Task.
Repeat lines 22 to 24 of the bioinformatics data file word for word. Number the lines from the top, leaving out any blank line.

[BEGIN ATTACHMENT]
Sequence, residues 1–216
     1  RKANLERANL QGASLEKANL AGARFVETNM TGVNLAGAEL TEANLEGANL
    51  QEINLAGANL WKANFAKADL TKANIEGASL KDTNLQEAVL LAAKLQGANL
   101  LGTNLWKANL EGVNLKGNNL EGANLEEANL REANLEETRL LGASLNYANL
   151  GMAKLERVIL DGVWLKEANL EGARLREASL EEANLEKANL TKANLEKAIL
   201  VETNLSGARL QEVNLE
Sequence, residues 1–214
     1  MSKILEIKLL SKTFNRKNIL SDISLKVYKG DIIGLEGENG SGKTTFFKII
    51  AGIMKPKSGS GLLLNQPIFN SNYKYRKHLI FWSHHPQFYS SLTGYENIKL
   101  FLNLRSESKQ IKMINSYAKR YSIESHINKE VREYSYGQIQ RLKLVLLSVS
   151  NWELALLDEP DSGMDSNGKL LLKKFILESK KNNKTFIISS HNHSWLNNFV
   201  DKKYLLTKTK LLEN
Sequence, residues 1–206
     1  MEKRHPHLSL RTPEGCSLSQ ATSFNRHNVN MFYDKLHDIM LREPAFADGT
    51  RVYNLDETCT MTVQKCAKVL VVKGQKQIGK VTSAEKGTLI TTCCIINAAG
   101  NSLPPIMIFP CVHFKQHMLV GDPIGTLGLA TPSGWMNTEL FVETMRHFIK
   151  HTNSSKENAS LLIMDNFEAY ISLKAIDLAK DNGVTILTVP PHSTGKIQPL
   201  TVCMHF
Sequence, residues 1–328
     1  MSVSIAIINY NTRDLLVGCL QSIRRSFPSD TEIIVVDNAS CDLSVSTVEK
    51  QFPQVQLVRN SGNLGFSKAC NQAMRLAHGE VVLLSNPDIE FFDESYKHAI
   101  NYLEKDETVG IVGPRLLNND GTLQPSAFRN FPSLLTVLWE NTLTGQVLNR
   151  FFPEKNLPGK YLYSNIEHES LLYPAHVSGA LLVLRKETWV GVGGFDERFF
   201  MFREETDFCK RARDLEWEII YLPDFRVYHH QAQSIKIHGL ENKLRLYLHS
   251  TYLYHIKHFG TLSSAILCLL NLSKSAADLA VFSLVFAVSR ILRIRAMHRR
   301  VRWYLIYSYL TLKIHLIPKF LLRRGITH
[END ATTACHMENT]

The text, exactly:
   101  NYLEKDETVG IVGPRLLNND GTLQPSAFRN FPSLLTVLWE NTLTGQVLNR
   151  FFPEKNLPGK YLYSNIEHES LLYPAHVSGA LLVLRKETWV GVGGFDERFF
   201  MFREETDFCK RARDLEWEII YLPDFRVYHH QAQSIKIHGL ENKLRLYLHS